Mandatory Mediation in a Family Law Case
What is “Mandatory Mediation”?
Mediation allows two conflicting parties to discuss their differences through the intervention of a neutral third party facilitator. Through mediation, the parties attempt to reach an agreement, compromise, or settlement in order to avoid the litigation process.
Mediation can occur:
- Through a voluntary agreement between the parties
- As part of a community program
- By court order
- By statutory requirement
Here, the first two types of mediations listed are considered voluntary, since the parties are not forced to enter into the mediation process. The last two are considered mandatory, since the parties are required by law or court order to attend the mediation meetings.
However, the term “mandatory” can be somewhat misleading. Mandatory mediation does not mean that the parties actually have to reach an agreement by the end of the mediation sessions. Instead, mandatory implies that the parties will exercise a good faith effort to actively participate in mediation before trial.
If the parties can’t reach an understanding by the end of the mediation process, they will then have to resort to the legal process.
When is Mandatory Family Mediation Used?
In a family law setting, a judge may often prescribe mandatory mediation in connection with child custody issues. For example, the parties may be required to formulate a child custody schedule, which will then be presented for approval in court during formal hearings. This is probably the most common usage of mandatory mediation in a family law claim.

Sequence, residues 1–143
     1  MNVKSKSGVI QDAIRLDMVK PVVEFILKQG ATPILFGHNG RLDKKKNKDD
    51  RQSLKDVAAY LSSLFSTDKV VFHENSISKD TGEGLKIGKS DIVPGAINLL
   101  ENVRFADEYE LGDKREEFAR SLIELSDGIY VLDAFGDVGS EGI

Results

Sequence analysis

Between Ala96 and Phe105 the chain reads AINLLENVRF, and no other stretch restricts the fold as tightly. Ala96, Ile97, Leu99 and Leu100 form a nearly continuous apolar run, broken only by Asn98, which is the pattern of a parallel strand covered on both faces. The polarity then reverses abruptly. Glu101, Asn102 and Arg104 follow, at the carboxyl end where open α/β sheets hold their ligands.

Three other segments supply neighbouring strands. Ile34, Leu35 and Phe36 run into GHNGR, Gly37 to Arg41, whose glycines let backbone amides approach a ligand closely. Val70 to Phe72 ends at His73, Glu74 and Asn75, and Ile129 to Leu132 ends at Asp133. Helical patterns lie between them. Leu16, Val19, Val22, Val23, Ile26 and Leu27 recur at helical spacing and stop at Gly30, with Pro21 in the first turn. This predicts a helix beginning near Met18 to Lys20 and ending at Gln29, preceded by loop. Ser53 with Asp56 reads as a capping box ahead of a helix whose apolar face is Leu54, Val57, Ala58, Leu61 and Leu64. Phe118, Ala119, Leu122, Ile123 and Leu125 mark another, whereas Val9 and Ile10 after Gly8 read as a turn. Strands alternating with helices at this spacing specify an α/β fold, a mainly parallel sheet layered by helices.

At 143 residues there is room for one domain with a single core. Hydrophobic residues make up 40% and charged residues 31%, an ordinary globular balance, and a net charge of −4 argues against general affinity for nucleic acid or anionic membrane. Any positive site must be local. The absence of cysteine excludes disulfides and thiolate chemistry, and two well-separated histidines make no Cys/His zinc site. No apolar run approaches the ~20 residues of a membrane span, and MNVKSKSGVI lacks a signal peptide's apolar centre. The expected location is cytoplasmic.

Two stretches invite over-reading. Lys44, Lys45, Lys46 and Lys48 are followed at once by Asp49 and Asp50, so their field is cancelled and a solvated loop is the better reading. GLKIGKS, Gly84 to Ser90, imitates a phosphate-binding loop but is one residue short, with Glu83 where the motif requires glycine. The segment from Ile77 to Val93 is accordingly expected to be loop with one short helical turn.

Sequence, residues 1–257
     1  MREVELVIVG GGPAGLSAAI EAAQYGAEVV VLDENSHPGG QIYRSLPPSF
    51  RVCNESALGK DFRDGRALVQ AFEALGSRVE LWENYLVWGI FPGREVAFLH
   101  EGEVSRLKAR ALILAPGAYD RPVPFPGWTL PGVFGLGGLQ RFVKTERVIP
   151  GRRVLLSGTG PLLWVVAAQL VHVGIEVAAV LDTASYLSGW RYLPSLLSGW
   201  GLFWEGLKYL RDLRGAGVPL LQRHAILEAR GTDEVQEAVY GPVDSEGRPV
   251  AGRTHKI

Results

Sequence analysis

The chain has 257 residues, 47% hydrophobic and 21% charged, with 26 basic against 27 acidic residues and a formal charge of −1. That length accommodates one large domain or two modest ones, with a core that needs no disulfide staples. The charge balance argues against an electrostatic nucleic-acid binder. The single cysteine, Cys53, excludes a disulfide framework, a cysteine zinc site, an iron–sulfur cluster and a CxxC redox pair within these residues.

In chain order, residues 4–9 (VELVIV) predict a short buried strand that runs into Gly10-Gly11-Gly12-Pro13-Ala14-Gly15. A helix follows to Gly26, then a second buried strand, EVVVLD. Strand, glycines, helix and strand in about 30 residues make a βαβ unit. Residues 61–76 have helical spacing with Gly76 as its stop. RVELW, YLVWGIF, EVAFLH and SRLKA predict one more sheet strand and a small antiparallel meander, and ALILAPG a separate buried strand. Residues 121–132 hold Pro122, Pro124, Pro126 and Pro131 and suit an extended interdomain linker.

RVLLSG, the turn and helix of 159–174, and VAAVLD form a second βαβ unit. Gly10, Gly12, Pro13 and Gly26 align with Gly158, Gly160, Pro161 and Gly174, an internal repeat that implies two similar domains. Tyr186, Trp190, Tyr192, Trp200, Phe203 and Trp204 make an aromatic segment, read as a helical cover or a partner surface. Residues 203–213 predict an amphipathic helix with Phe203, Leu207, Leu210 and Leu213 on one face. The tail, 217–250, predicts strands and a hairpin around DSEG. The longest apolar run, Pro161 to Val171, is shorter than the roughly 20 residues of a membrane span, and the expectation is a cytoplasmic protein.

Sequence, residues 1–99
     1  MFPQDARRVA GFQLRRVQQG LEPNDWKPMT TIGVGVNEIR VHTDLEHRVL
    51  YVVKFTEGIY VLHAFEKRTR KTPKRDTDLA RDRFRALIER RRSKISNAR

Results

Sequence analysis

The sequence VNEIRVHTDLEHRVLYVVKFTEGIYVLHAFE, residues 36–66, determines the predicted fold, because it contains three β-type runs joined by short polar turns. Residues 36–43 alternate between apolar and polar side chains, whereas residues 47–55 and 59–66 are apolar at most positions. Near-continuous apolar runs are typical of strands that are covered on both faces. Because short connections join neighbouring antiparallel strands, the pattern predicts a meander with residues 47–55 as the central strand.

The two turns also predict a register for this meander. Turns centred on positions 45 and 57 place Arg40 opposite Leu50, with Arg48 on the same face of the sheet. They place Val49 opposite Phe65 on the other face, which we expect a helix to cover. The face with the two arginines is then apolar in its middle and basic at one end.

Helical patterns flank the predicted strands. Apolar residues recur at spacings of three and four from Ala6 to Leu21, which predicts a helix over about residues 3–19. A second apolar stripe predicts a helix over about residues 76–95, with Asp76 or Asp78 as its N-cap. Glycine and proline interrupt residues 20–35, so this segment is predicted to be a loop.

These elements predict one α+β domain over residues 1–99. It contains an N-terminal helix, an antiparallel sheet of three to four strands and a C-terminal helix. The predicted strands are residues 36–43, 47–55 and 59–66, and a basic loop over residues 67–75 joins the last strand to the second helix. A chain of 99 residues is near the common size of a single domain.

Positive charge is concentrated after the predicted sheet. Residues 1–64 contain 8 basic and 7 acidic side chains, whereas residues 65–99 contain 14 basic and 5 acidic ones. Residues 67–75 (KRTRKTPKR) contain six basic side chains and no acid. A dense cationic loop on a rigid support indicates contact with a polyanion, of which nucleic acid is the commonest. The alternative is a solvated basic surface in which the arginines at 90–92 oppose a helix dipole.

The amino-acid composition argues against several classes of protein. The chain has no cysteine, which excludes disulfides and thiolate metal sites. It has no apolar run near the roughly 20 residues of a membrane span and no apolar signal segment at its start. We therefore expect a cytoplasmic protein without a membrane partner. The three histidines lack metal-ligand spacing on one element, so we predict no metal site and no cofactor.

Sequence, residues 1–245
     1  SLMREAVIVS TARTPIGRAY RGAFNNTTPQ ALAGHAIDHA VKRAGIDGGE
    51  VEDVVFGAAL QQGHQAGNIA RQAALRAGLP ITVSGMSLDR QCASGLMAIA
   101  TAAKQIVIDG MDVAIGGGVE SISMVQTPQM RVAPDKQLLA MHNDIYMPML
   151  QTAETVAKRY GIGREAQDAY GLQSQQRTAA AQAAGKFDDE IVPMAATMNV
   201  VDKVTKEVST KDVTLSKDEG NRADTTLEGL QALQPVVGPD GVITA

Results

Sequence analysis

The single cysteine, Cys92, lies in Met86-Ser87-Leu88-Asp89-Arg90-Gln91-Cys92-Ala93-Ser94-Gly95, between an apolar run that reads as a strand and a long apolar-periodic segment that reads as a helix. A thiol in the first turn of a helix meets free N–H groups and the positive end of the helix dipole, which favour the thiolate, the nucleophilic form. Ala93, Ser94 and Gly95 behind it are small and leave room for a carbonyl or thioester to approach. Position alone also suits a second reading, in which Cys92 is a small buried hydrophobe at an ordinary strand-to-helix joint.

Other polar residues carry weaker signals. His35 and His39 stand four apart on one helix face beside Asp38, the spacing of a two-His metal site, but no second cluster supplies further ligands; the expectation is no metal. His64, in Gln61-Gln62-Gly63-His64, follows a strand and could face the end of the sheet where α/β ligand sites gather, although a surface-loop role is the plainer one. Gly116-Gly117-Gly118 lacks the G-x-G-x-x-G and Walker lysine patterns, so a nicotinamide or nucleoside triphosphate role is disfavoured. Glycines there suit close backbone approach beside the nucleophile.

Other situations where mediation may be mandatory can include:
- Calculating child support
- Calculating spousal support after or in anticipation of divorce
- Creating a child visitation schedule
- Allowing parties to peaceably discuss past instances of abuse or infidelity
Finally, some state statutes may require mandatory mediation if the dispute involves financial matters falling within a certain range of dollar amounts. Each state will have different laws and statutes when it comes to mandatory mediation.
What if I Don’t Attend a Mandatory Mediation Session?
Complying with court orders and state statutes is very important. If you don’t attend a mandatory mediation session, it could lead to very serious consequences. These may include a contempt of court order or other similar measures. Contempt of court is punishable by a court fine and sometimes detention in a jail facility.
Skipping mandatory mediation may also negatively affect the outcome of your case. In very extreme cases, the court may even decide a case against a person who repeatedly fails to attend mandatory mediation or other family law conferences. You may need to consult with your lawyer if think you have a valid reason to miss a mandatory mediation session.
Again, the point of mandatory mediation is not necessarily for the parties to reach a final agreement. In fact, many issues may be purposely left unresolved, to be determined later in court. Therefore you should make your best efforts to attend mandatory mediation sessions, in order to help the process run smoothly.
Do I Need a Lawyer for Assistance with Mandatory Mediation in a Family Law Case?
You will most likely want to consult with a lawyer if you must attend mandatory mediation. Your lawyer can provide you with valuable guidance prior to the meetings, and can also be present during mediation if needed. Also, your lawyer can represent you in court if legal proceedings become necessary.
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Last Modified: 02-15-2012 01:53 PM PST
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